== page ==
I came to Columbia as a graduate student just as Chuck moved uptown from the New School. I chose Columbia in part because I was interested in social movements and activism, and heard that he was going to be there. I hadn’t heard of many academics who wrote about activism, but besides Frances Fox Piven and Richard Cloward (with whom I also managed to take a course), I had heard of precious few. Chuck was one of them.

But I had no idea what I was getting into. So many of these tributes attest to Chuck’s extraordinary work ethic, output of scholarly work, willingness to test new ideas, allergy to dogmatism, openness to constructive criticism, and dedication as a teacher and as a mentor. Having been the beneficiary of all of these, I second them heartily. Chuck’s marvelous talent was in modeling this behavior, so that it could spread. And yet, knowing that all of these were meant to be emulated meant a certain amount of pressure. There was nothing more difficult for me than telling Chuck that I had missed a deadline.

What really stands out for me in my interactions with Chuck at Columbia, however, is the concern he showed for setting up an intellectual community. This is no small thing. Columbia’s sociology department could be, at times, a model of anomie. When I arrived, there was no space for students to interact or work. For his part, Chuck argued that advanced graduate students needed at least some office space to work, and that a faculty office (which were large at Columbia) should be allocated to students and configured for sharing. Thus began a steady improvement in the conditions for dissertation writers and with it, a concurrent improvement in their (our) productivity. Some of the most lasting friendships I made at Columbia were with fellow students with whom I shared the office next door to Chuck’s, with its bookshelves stuffed with back issues of Chuck’s journals.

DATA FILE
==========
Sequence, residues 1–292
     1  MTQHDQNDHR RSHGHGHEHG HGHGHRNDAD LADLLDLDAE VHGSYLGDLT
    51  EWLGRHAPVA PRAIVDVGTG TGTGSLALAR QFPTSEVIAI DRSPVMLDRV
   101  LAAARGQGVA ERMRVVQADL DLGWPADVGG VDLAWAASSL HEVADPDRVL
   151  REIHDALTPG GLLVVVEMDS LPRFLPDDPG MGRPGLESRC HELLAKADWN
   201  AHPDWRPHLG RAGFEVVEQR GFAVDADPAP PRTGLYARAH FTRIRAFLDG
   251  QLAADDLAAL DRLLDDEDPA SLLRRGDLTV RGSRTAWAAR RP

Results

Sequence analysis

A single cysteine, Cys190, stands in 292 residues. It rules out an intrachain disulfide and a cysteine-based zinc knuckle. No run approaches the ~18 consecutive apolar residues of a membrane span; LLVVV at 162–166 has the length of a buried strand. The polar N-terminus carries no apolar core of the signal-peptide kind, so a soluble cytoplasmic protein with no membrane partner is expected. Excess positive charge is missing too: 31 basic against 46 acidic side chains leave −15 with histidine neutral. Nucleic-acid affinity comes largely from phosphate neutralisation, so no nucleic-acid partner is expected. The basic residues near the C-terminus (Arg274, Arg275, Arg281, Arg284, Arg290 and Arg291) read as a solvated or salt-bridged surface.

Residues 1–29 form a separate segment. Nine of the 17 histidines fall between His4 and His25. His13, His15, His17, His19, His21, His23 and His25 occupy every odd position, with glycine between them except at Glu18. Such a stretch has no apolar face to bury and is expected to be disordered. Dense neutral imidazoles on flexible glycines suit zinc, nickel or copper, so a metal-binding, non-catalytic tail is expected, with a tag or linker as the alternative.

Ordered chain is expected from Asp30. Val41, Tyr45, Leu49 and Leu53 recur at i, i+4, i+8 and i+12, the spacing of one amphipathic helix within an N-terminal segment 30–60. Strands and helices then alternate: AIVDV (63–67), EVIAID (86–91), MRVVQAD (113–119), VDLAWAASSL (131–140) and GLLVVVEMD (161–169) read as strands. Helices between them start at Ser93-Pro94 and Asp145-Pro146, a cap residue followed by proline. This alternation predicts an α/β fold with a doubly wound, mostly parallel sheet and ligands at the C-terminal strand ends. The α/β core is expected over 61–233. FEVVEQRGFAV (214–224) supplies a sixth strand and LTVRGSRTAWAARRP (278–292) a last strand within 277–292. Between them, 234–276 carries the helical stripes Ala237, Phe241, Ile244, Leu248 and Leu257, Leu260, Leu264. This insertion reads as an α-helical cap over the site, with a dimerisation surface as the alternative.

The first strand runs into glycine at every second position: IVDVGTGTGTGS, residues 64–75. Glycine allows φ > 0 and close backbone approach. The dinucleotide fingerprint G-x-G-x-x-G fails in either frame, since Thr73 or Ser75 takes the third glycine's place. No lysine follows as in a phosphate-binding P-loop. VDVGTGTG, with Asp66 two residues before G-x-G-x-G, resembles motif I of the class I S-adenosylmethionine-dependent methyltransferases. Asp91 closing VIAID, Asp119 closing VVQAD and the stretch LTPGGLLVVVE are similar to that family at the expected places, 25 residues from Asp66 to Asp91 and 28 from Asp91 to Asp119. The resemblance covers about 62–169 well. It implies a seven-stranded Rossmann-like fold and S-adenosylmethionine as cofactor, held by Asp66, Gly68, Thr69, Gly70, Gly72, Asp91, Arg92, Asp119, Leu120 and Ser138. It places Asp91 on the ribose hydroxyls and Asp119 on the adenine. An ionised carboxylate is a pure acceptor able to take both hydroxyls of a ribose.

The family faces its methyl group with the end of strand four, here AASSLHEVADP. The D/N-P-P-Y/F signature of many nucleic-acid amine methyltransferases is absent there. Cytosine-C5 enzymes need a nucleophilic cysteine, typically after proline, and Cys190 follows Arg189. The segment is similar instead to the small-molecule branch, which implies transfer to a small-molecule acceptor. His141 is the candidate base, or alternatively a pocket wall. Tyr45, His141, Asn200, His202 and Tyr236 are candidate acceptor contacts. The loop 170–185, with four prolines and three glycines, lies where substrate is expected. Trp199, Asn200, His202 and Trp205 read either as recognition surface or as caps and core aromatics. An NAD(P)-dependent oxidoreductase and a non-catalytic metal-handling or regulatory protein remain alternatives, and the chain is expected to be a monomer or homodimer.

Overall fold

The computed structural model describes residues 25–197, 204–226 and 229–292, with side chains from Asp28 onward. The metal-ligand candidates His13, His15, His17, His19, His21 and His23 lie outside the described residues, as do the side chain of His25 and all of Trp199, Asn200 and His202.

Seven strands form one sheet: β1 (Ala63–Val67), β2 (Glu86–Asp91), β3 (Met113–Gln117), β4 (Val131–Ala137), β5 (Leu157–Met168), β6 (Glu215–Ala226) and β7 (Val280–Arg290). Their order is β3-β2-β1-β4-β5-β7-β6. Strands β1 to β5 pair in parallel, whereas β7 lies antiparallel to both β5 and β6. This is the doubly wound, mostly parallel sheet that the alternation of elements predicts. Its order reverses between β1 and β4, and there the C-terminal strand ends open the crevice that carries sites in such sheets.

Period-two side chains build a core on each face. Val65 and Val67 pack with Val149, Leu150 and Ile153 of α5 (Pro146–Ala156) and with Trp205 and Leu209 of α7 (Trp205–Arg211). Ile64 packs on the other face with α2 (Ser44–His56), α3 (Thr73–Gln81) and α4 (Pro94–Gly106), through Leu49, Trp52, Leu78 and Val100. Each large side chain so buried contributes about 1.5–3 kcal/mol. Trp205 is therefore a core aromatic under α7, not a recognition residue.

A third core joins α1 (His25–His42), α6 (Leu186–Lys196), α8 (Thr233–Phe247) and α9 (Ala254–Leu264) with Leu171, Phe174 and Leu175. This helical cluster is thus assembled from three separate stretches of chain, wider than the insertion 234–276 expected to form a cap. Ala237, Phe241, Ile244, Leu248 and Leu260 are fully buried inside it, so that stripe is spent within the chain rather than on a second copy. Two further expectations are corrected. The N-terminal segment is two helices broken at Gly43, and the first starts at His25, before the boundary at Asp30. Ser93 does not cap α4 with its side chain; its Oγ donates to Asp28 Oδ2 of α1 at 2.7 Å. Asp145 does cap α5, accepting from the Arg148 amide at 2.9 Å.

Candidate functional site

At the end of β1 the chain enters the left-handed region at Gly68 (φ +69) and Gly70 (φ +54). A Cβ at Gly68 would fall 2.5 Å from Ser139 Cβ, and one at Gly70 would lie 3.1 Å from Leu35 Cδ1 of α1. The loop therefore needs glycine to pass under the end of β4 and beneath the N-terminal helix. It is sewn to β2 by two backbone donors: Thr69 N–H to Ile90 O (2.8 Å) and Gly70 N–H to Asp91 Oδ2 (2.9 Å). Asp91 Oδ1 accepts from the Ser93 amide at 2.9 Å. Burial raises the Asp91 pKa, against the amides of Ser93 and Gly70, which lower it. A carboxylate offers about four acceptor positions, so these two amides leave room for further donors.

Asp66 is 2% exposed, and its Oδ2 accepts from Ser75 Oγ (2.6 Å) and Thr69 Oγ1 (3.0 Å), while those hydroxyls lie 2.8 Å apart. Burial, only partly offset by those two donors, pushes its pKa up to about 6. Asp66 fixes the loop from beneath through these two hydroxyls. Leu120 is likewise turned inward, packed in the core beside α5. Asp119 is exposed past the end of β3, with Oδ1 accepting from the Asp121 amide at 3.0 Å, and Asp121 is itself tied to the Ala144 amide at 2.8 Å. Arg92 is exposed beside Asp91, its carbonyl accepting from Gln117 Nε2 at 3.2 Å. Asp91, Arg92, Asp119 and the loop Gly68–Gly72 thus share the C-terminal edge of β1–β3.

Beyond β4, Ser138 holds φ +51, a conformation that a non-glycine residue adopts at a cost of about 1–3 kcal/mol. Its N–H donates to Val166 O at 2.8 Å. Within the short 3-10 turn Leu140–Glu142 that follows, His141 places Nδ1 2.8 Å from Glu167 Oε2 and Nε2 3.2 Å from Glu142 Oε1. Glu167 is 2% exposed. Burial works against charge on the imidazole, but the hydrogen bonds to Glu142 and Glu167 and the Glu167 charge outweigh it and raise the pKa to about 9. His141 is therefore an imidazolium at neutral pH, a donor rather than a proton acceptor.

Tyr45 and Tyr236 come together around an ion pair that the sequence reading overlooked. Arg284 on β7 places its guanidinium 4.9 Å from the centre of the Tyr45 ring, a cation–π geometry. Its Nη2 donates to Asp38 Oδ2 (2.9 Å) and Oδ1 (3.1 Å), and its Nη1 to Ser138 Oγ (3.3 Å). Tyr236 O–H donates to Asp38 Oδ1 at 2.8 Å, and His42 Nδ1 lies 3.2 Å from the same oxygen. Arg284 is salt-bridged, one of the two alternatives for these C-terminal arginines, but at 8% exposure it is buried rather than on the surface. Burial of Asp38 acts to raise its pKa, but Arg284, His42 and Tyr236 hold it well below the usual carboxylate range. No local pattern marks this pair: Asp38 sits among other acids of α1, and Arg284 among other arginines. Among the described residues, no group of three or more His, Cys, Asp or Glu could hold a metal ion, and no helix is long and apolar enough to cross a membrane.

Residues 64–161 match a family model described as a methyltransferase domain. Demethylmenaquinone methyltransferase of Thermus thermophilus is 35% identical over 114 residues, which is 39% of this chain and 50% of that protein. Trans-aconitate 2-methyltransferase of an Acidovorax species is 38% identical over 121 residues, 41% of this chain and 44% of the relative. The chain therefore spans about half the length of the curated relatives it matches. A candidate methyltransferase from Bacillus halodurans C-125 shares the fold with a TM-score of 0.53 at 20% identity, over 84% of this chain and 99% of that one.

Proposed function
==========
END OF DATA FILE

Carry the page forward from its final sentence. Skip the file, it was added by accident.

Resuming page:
The place that epitomized Chuck’s concern for mutual development of ideas and research was his Workshop on Contentious Politics, which ran, in some form and forum or another for forty years. At Columbia, the Workshop had its ups and downs, additions and subtractions, but there was always a core of people who kept coming back, and who formed intellectual and affective bonds. The Workshop became my intellectual home during my six years at Columbia, and for the six years after that. When I haven’t been able to make it to the workshop, I have felt homesick. When I work on an article, the first place I think of bringing it is the Workshop. The Workshop was special because it was an institution fully infused with Chuck’s ethos of basic generosity and democracy. Everyone is supposed to have done his or her homework, and to have read the paper beforehand. Graduate students are prioritized in the speaker/question queue so that they may join the conversation as colleagues. Criticism is expected to be constructive and to be offered in that spirit. The author is expected to take criticism seriously and not to be defensive or dismissive of critics. When any of these norms is broken, it’s palpable, and Chuck, or someone else, would work to mend the situation. There are not too many forums like this, and where they exist, have often been founded by Chuck’s students or colleagues.

Thus, when I think about Chuck, I will always remember the moments when his own intellectual abilities were on display, such as the time when, in a seminar, he offered trenchant comments and bibliographic references to two students, one of whom wrote on 16th Century Dutch maritime policy, and the other of whom wrote on criminal code reforms in late 19th Century Brazil. And I will think about his many books and articles that I find—and will continue to find—enormously instructive. But even when I don’t think about Chuck directly, but think about my friends and colleagues from graduate school, or how I run a seminar, or comment on student work, Chuck is inevitably involved, too. That the wisest observer of contentious politics was also the ablest facilitator of cooperative scholarship is simply astounding. And for this, in my own less astounding ways, I am bound to try to pass this on, to, in Chuck’s words, “adopt the norm.”

John Krinsky
City College of New York


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